Why bother cleaning your chain? Easy; even if you don’t buy the argument that it saves money – and, depending on how you cost the time put into extending the service life of a chain by, perhaps, 10 per cent, it may not – riding with a filthy chain is asking for a ‘fourth cat tattoo’ down the right calf. Perhaps more importantly, a correctly cleaned and lubed chain that is still within its wear limit runs almost as smoothly and efficiently as new. And it looks nice.
When cleaning a chain, the primary aim is to remove the abrasive grit that finds its way inside the bushings. This stuff has an astonishing capacity to find its way into the smallest spaces, as can be seen when removing a spoke nipple from a used wheel. The thread will be found to be caked in fine silt, which is a good thing in this case as it helps seize the nipple to the spoke. It’s not a good thing to have between the moving surfaces of a bike chain.
Complicating matters, the grit is kept in place inside the chain’s inner workings by the residue of whatever lube was used last time it was lubed. A ‘wet’ lube of the sort preferred by most road cyclists readily picks up and hold on to grit particles, with which it then combines to create an effective abrasive paste.
Most such lubes won’t mix with water and resist being washed out by it. The quick and easy way to address the problem is to dissolve the lube/grit paste using a water-soluble de-greaser and then use water to flush the resulting solution out of the chain’s links.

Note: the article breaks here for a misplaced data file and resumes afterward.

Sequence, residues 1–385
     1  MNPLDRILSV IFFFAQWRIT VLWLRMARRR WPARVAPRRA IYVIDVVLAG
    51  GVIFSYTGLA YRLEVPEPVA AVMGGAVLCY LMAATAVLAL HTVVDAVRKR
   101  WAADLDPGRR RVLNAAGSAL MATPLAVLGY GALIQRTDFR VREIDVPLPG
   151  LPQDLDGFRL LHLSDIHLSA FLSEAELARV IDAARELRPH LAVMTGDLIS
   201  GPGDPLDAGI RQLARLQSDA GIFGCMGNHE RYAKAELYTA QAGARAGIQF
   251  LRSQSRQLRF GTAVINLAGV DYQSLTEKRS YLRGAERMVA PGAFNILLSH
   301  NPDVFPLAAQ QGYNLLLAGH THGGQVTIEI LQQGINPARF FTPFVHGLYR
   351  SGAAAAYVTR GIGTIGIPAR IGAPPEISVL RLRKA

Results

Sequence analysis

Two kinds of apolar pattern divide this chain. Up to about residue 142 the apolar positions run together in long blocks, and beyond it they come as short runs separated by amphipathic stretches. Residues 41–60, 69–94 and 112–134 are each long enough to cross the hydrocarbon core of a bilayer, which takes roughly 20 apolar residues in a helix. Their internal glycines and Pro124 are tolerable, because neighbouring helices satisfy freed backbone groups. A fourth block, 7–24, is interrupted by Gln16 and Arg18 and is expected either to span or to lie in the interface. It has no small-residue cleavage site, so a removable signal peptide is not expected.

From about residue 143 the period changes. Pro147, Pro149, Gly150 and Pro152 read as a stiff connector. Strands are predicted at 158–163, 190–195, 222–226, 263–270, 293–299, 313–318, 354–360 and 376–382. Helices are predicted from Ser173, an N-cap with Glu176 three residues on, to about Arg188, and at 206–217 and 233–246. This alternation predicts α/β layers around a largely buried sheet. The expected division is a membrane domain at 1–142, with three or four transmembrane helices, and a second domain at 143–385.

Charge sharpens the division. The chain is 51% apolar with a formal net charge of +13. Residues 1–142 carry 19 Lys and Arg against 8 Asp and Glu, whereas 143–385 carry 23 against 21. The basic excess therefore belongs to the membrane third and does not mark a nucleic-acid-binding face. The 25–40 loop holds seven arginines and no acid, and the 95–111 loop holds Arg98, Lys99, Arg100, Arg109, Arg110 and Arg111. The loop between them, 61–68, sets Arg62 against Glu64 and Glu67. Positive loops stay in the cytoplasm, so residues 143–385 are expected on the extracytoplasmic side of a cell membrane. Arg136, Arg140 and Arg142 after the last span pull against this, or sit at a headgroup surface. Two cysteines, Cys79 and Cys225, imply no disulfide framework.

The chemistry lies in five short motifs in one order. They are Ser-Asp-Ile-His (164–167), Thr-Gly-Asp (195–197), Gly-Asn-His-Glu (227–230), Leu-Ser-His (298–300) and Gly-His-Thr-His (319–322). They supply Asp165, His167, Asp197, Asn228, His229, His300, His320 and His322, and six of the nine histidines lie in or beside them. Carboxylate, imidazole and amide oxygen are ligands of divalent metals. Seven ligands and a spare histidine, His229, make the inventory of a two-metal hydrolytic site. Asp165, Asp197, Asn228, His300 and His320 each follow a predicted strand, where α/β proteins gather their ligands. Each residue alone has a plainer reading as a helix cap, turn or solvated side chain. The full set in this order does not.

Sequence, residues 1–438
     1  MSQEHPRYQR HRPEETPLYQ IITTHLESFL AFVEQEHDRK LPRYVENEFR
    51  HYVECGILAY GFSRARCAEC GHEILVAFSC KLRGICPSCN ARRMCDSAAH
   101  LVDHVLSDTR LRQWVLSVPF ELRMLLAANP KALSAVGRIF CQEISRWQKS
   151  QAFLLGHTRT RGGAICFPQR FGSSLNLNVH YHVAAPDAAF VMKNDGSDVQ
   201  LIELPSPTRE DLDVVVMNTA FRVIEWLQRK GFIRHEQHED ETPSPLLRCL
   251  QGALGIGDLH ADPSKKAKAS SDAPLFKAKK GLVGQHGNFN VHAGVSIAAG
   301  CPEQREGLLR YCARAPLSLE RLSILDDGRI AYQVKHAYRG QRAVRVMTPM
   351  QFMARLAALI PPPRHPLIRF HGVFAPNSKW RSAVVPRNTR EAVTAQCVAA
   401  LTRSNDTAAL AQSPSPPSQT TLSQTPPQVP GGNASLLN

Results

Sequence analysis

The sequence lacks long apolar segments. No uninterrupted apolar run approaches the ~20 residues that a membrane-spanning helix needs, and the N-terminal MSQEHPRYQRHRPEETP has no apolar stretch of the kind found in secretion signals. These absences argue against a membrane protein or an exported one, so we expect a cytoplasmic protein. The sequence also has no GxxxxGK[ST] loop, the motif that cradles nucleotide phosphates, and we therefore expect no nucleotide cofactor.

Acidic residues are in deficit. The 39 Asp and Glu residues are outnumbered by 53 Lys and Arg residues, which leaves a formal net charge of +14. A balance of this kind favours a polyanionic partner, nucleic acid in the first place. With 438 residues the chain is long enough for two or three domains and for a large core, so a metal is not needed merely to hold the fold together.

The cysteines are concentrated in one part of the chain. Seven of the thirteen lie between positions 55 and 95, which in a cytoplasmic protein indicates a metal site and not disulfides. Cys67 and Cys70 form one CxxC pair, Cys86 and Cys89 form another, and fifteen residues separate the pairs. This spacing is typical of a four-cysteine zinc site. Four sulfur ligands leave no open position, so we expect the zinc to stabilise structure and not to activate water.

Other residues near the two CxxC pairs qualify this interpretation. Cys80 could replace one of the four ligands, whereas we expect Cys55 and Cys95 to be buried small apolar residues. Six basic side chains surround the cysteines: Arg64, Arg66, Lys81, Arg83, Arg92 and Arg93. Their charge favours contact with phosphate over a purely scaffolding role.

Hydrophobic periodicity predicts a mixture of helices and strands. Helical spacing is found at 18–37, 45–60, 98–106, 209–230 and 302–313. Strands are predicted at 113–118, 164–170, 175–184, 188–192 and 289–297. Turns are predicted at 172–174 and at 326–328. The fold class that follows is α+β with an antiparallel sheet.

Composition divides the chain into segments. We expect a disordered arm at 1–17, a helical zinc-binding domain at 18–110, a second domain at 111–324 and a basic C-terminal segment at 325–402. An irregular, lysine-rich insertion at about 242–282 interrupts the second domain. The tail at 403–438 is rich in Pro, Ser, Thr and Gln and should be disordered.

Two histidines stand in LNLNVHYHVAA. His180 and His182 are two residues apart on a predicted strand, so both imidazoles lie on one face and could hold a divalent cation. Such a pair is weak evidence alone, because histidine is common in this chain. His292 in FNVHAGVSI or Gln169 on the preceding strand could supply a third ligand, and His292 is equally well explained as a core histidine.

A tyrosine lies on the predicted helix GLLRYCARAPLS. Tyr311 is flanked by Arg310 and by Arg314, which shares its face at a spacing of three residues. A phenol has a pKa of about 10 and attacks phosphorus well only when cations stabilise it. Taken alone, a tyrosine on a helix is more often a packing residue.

Before going any further, check for chain wear; if worn close to its limit, the chain may not be worth cleaning before it is due to be binned.
Apply the de-greaser – a good example is Morgan Blue Chain Cleaner - to the chain and work it in by using a brush to agitate the rollers. Go around the inside and outside to ensure complete penetration. At the same time, use the brush and degreaser to soften dirt on the cassette sprockets and rear mech jockey wheels.
Next, rinse the chain. If one is available, use a hand-pumped pressure washer to flush out the degreaser with clean water while rotating the crank.
An alternative is to load a sponge with car wash shampoo (diluted, obvs) and wrap it around the chain, squeezing while running the chain through it. Follow this with clean water. Use similar procedures to rinse dirt off the sprockets and jockey wheels.
Now apply a water-dispersing product such as WD40 to the chain; this will disperse the water now inside the chain bushings. Wipe the chain dry of dispersant and apply your favourite lubricant before heading off for a well-deserved – and highly efficient – ride.
How often should this be done? As often as ‘necessary’…
Richard spends most of his time making bikes, writing about bikes and riding bikes in the hills of west Wales, while imagining how much more of the above he’d be able to do if he only had more time…